As regular readers know, 1264 has French cockades on the wings and fuselage, and the story of why a British aircraft is in French colours is one that continues to fascinate people.
Ron Saunders, researcher for the shortly-to-be-released film of 1264, has uncovered a couple of interesting snippets which add to the information.
Wikipedia says that the French adopted national markings as early as 1912 – something I was unaware of. They also explain the origin of the German Eisernes Kreuz (iron cross) – I had no idea that it was connected with Germany’s earlier incarnation as the Holy Roman Empire!
But apparently Ian Baker in a recent Britain at War article has spurred correspondence on the Great War Forum giving details of more dates. The RNAS adopted the Union Flag on 26 October 1914, followed by a new instruction in December 1914 for a red ring with a white centre, more or less at the same time as the RFC adopted the standard red-white-blue roundel.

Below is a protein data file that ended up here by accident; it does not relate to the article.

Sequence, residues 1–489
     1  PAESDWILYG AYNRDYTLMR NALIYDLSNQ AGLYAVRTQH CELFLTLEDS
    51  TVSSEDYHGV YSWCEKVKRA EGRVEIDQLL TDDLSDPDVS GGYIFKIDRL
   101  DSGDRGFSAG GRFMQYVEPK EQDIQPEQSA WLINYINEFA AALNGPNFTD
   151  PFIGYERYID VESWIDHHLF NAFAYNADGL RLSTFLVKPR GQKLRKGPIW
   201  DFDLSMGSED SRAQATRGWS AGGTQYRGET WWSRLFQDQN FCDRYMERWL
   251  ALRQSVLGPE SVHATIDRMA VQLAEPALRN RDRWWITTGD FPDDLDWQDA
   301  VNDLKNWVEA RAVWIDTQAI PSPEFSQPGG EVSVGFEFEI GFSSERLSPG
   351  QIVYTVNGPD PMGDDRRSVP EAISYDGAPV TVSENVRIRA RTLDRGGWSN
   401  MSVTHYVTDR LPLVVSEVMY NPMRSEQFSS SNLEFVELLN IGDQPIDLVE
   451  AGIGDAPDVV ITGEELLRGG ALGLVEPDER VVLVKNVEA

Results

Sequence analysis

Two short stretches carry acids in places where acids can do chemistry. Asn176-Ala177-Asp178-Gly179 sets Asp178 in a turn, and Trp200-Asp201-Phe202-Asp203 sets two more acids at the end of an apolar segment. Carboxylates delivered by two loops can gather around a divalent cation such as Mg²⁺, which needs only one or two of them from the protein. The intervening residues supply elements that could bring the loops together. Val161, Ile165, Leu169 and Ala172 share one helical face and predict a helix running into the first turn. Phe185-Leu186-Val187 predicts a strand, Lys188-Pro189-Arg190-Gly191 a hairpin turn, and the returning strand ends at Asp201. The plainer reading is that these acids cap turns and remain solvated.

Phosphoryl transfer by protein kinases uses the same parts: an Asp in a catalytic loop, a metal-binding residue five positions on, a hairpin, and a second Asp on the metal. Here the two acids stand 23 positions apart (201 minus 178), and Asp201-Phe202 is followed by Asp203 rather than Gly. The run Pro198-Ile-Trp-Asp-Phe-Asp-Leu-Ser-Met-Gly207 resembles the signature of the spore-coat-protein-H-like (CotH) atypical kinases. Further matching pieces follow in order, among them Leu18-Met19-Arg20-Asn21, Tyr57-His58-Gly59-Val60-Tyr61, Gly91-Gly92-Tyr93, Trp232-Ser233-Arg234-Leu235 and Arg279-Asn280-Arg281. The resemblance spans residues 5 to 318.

The adoption of the French cockade, with a blue spot in the middle, was a later version, capable of being adapted from the earlier two-colour version, and more like the RFC roundel. It also meant that Nieuports being bought from the French could be put into service without further repainting.
1264 is still safely hibernating in her carcoon, but along with the snowdrops, things are stirring in the woods.
Last week we had notification from the people checking the tacho that they are on with it, and that while they can’t alter the internal configuration to make it read correctly they can fit a little in-line gearbox in the tacho cable to sort the problem out.
This means that the drive to the tacho will go through a 1:1.8 increase in speed between the crankcase and the oil pump; a 3.6:1 reduction between the oil pump and the front end of the taco cable; and a 1:2 increase in the middle of the cable! Go figure.
Of equal significance is the news that the engineers relining the cylinders are nearly done, and they should be back at the Shuttleworth in a week. Everything else is ready – new pistons, new rings – and so it’s only a question of reassembly once Phil’s finished on the Mew Gull engine (which was spitting iron filings at the end of the season). And then we can bring the airframe over and reunite the two. We are hopeful that with all the work that’s done, we may see an increase in performance. What we had before was perfectly acceptable, but wouldn’t it be nice if we could confirm the performance figures generated 100 year ago?